The best time of year

Opinion: Ken Trainor

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By Ken Trainor

Staff writer

It is difficult to know what to do with so much happiness. With sadness there is something to rub against, a wound to tend with lotion and cloth. When the world falls in around you, you have pieces to pick up, something to hold in your hands, like ticket stubs or change.

—Naomi Shihab Nye

It is difficult to know what time of year is my favorite. I love January, the calm following the holiday tempest as the daylight incrementally lengthens following the solstice. I relish the snugness of the February cocoon; the first brave protrusions of erupting daffodils in March; the setting sun, dead center on the western horizon, in perfect balance at the spring equinox; the sudden elongation of light into the early evening following Daylight Saving Time; Easter, where the theological Resurrection enjoys an objective correlative in spring's rebirth; the blossom bonanza in April; the leafing of trees in early May; the lush lawns and brilliant roses of June; the searing intensity and deep-summer sultriness of July and August; the mellowing sunlight of September; the explosion of color in October; the moody darkness of Halloween; the inviting warmth of Thanksgiving; the starry wonder of the winter solstice; and the luminous whirlwind of Christmas.

Every time of year has something to recommend it, not the least being that each lasts so short a time, yet can be counted on to return again. Variety and continuity — not a bad deal this cycle of seasons.

But if I had to choose, Memorial Day weekend would be right up top. Spring is notoriously stingy in these parts, but the end of May is roughly when it peaks, with its wide array of flowers — tulips (waning), irises, lilies of the valley, bridal veil, Korean spice viburnum, lilacs, and heavy-headed peonies. Trees shed seeds by the truckload, and the streets fill with birds, darting to and fro, feasting on this reproductive orgy (while dodging the murderous fenders of passing autos).

There is no spring delirium like the delirium in the upper Midwest because we are accorded so few perfect days that, whenever they arrive, people seem dazed by the grandeur of it all.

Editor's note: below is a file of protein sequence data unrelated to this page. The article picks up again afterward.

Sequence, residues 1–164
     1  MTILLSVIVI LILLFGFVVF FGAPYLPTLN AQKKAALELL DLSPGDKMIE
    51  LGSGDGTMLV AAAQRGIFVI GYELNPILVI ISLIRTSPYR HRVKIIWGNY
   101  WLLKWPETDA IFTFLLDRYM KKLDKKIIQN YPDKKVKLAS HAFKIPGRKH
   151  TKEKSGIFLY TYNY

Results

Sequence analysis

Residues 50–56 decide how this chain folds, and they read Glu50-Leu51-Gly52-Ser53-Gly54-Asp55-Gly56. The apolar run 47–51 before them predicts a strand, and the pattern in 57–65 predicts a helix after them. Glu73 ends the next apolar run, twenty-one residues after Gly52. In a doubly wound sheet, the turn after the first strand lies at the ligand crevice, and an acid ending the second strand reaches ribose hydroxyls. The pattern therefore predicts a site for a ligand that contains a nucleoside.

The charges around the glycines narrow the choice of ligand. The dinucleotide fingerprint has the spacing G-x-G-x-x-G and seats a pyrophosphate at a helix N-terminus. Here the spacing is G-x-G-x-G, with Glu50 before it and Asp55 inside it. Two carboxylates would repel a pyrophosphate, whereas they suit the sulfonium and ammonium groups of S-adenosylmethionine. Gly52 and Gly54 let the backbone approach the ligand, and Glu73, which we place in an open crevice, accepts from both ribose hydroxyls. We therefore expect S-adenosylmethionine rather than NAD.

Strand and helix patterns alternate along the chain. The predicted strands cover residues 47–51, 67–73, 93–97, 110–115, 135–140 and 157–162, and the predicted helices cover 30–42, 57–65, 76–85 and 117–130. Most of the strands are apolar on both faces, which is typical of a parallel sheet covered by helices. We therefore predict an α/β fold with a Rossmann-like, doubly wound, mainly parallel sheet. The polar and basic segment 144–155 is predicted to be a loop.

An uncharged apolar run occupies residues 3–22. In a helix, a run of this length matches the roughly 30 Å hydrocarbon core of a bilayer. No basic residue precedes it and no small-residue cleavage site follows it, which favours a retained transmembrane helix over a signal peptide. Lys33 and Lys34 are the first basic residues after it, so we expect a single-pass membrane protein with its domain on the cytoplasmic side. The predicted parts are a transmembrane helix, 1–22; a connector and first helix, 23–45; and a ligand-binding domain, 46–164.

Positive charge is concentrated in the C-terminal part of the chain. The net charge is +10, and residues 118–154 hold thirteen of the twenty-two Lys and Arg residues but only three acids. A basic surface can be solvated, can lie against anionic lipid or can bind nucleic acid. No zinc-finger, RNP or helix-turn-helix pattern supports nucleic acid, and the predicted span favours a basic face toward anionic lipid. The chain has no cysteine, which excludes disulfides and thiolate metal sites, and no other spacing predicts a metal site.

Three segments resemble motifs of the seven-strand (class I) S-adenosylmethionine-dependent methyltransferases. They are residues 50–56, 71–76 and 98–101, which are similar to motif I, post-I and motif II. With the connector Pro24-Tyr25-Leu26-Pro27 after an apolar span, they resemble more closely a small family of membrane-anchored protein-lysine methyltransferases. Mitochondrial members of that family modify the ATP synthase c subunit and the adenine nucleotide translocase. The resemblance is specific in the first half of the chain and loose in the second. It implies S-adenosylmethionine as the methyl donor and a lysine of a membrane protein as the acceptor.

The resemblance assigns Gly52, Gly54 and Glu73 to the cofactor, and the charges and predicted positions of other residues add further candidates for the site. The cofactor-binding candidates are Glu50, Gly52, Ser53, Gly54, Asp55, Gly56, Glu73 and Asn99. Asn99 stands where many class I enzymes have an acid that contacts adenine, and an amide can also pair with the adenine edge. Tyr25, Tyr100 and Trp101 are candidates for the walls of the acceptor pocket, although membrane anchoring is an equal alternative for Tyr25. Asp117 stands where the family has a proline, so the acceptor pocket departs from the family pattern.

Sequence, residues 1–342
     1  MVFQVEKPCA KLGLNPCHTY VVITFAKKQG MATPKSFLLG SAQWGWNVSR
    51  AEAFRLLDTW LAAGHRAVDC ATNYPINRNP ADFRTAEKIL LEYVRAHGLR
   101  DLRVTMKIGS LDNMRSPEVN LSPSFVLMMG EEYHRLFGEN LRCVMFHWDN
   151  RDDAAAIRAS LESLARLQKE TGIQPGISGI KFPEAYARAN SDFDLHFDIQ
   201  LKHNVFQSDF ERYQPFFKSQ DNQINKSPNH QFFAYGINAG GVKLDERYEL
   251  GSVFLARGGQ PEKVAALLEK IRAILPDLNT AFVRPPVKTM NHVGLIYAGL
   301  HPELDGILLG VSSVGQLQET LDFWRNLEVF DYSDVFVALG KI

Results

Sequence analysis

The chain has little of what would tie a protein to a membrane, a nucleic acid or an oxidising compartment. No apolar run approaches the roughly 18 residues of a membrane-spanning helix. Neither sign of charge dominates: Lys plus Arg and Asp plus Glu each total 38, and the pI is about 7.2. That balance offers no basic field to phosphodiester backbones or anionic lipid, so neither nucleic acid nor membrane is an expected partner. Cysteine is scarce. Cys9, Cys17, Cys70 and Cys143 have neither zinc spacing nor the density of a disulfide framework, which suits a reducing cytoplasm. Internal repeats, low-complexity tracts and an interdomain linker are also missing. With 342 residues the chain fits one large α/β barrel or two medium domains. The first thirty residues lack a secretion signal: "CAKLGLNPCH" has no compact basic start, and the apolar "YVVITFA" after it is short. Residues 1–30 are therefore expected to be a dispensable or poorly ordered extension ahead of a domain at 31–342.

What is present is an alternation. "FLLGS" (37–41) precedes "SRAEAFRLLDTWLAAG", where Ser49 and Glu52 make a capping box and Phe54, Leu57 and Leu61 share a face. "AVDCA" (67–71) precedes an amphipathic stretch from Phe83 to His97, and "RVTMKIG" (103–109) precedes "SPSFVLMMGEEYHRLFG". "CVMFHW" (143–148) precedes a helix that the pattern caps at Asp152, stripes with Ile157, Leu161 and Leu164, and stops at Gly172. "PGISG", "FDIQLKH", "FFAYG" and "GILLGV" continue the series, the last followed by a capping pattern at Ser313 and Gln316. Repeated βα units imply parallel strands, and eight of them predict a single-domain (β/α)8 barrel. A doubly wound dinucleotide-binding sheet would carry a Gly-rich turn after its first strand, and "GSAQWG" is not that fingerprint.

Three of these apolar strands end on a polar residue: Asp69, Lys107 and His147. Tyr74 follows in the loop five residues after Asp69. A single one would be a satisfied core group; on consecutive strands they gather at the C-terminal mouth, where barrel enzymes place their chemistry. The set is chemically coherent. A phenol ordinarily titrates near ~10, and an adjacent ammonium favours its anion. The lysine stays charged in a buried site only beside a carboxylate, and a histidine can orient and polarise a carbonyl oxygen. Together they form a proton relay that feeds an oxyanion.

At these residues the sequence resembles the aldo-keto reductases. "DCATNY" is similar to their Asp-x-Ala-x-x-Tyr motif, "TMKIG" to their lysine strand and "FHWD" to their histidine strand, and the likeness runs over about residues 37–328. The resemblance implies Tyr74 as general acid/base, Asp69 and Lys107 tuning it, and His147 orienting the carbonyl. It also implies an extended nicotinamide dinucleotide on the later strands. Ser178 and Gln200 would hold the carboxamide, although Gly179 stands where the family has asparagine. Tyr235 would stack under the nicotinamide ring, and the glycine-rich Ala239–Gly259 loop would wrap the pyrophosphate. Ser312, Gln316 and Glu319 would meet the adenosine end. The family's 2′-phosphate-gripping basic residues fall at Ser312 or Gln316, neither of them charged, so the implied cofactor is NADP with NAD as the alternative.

We shouldn't set our holidays by the calendar. We should wait for perfect days to arrive and declare them holidays — celebrating by consensus. 

If only life could be so simple.

Actually life is that simple, though we disguise it in complicated clothing. We assume nothing could be so simple, so we sometimes overlook what life offers. We search for more when life is presenting its best and right under (and currently in) our noses.

Unhappiness, perhaps, is merely the belief that life, in its current condition, isn't good enough. I don't mean man-made life with its poverty, injustice, and violence — all the nasty stuff we can't solve (until after we balance the budget). 

I mean life itself, being alive, a life worth living, those rare moments when you find yourself saying, "It doesn't get any better than this." 

In one of my favorite films, As Good As It Gets, the main character, played by Jack Nicholson, asks a group of patients waiting to see a psychiatrist, "What if this is as good as it gets?" A good question, one that can be looked at in different ways.

But the bottom line is it doesn't get any better than this because this is what life offers. If that's enough, you're one of the lucky ones. If you keep asking, "Is that all there is?" (as Peggy Lee memorably sang), then you've joined the ranks of the restless, spreading dissatisfaction. 

I often find myself with a foot in each camp.

Satisfaction and dissatisfaction seem to have little correlation with wealth or poverty, illness or health, success or failure. Some of it is likely due to body chemistry, but if there's a secret to happiness, it may be not asking more of life than it is capable of giving.

The problem with happiness is that it isn't exciting enough. Happiness is closer to stillness. It's the flip side of boredom, which may be why some of us seem to avoid it like the plague. Those who meditate would say stillness is the gateway to inner contentment, and when you reach contentment, you're in the vicinity of happiness.

I come closest when I'm outside in the warm sunshine, my face lifted to the sun, doing my best impersonation of a peony.

Or as poet Naomi Shihab Nye writes:

"Since there is no place large enough to contain so much happiness, you shrug, you raise your hands, and it flows out of you into everything you touch. You are not responsible. You take no credit, as the night sky takes no credit for the moon, but continues to hold it, and share it, and in that way, be known."

This column previously ran in Wednesday Journal on May 24, 1995. It has been re-edited and updated.


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